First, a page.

Photo by Rebecca E. Rollins / Partners In Health
A view of the maternity ward at J.J. Dossen Memorial Hospital in southeast Liberia in 2015.
PIH is nearly finished with a six-month remodel of the hospital.
When a pregnant woman in rural, southeast Liberia visits a public health clinic near her home, here’s an example of what she might find.
The clinic has no plumbing, so buckets of well water are brought in to try to keep things sanitary. Ever since someone stole the diesel generator a couple of months earlier, it hasn’t had electricity either. Women give birth at night by the glow of a kerosene lamp. Those delivering during the wet season have it even worse. “The rains come through a hole in the roof and flow into the delivery room, so the floor is slippery,” explains the 28-year-old nursing student in charge, while demonstrating the wide stance he uses to maintain balance during deliveries. It also doesn’t have a simple squeeze-bag resuscitator for babies who are born ill or premature and is missing all but a handful of essential drugs.
In an emergency, help is, technically, a call away. The district ambulance—when not already in use—must travel an hour down a rutted and boggy 4x4 track, and then at least another hour to the nearest emergency room. Of course that assumes the driver can be reached. The only place to get cellphone reception is in a palm tree behind the clinic. A person plugs earbuds into his cellphone, dials, places the phone high in the tree, and hopes for a ringing sound.
The clinic is not atypical. Many public clinics, health centers, and hospitals in Liberia face similar problems. Credit the upheavals caused by an Ebola epidemic and a 13-year civil war, and a national budget that can’t afford to spend even $50 on health care per citizen. The Liberian landscape might be all creeper vines and primordial trees, but the health care system can be a desert—especially for millions of pregnant women.
Partners In Health’s Community Health Supervisor M. Hnede A. Kondy—or “Mommy Mary,” as she is known—has been a nurse and midwife in southeast Liberia since 1984. “I don’t know how many hundreds of babies I have delivered,” she says. “I have a lot of them around here who are even having their own children now.”
Mommy Mary says that most soon-to-be-mothers in rural Liberia are poor, in their early 20s, and have a couple years of primary school education. When labor starts, women get busy. “They work harder—splitting wood, fetching water, cooking for that day, washing clothes,” she says. “They do this because they say they want the labor to be fast.”
Many women give birth at home—often in mud-walled, dirt-floored houses surrounded by traditional midwives, mothers, sisters, or aunts. If anything goes wrong, a neighbor might be able to drive the woman to a clinic on the back of his motorcycle, but, says Mommy Mary, many complications are taken care of on the spot. Say a baby’s body is too large to fit through a woman’s pelvis. Without an ultrasound, no one knows this, so a woman will be encouraged to push.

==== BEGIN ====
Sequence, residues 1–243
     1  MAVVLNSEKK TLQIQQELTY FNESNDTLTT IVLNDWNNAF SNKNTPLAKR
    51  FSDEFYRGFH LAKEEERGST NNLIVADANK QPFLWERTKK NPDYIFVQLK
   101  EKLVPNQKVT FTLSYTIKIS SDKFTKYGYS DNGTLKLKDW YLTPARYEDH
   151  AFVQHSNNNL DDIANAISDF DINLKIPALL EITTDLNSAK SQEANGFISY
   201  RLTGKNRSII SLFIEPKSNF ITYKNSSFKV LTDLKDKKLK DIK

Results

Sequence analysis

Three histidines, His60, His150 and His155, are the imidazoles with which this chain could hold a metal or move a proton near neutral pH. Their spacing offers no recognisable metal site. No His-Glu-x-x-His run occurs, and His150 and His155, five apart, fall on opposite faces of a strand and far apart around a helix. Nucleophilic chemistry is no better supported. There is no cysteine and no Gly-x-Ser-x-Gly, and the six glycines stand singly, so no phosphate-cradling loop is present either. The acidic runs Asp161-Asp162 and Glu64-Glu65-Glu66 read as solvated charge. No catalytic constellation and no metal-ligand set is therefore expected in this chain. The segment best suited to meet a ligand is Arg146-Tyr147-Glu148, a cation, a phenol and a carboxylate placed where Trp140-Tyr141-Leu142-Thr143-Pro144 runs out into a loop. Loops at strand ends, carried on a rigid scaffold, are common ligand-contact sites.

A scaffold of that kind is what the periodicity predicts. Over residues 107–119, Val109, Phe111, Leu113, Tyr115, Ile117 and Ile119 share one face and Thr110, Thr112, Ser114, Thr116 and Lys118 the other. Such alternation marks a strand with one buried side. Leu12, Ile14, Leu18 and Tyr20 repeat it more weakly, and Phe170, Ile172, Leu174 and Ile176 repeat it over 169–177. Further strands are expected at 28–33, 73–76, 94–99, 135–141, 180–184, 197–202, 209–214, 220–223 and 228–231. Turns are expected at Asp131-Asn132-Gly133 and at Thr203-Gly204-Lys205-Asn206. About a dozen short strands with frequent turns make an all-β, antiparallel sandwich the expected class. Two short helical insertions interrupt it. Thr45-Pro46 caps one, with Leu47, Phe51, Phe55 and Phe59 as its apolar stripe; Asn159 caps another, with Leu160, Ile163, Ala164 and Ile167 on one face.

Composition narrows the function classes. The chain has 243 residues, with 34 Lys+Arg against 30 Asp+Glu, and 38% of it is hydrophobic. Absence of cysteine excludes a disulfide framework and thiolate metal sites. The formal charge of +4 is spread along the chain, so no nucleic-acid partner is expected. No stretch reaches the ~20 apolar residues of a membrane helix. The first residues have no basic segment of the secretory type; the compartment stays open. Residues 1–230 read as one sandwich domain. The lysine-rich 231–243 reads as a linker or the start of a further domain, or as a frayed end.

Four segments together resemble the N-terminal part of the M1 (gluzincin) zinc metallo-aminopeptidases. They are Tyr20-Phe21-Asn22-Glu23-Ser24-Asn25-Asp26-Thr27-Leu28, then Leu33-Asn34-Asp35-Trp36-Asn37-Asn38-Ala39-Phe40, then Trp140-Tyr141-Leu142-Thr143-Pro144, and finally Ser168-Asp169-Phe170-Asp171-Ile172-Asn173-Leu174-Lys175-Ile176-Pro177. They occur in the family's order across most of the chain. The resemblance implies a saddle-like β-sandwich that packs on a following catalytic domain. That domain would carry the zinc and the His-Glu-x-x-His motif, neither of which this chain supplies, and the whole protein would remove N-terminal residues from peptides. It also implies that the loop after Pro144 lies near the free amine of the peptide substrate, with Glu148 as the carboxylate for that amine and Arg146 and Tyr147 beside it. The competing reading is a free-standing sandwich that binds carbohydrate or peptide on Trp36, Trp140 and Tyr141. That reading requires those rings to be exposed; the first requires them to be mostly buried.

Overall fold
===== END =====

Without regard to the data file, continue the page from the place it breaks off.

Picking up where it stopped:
“Sometimes they will call some men to take care of you,” says Mommy Mary. “The men will beat you with sticks. Or they will bring red ants from the tree and put them on you. While the ants are biting you, you are yelling, you will deliver.” Pushing too early can tear the vagina, risking the life of mother and baby.
Those who opt not to give birth at home sometimes visit their nearest public health clinic, such as the one mentioned earlier. But few make the hour-plus walk. As the officer in charge there admits, “Most women don’t want to deliver in the clinic.”
Instead, a woman might opt for a public health center, which is farther afield but more likely to have a certified nurse, a couple dozen medications, electricity, and running water. Unfortunately, even if all goes well at a health center, all doesn’t necessarily end well.
Take Pleebo Health Center, a small PIH-supported public health facility in southeast Liberia that has four beds in the post-natal room and serves all 20,000 people in the town of Pleebo, and another 30,000 in the surrounding area. “By rights, we should keep them 24 or 36 hours to see that the baby is sucking well, to see that the bleeding is being monitored, to see that they are urinating regularly,” says Mommy Mary. But no sooner did Pleebo get a reputation for safe births than it was crowded with laboring mothers. One night not long ago, nurses at Pleebo successfully delivered eight babies. The new mothers ended up two-to-a-bed and on mattresses on the floor. After half a day, other women needed it. The first group and their infants had to be asked to hit the road.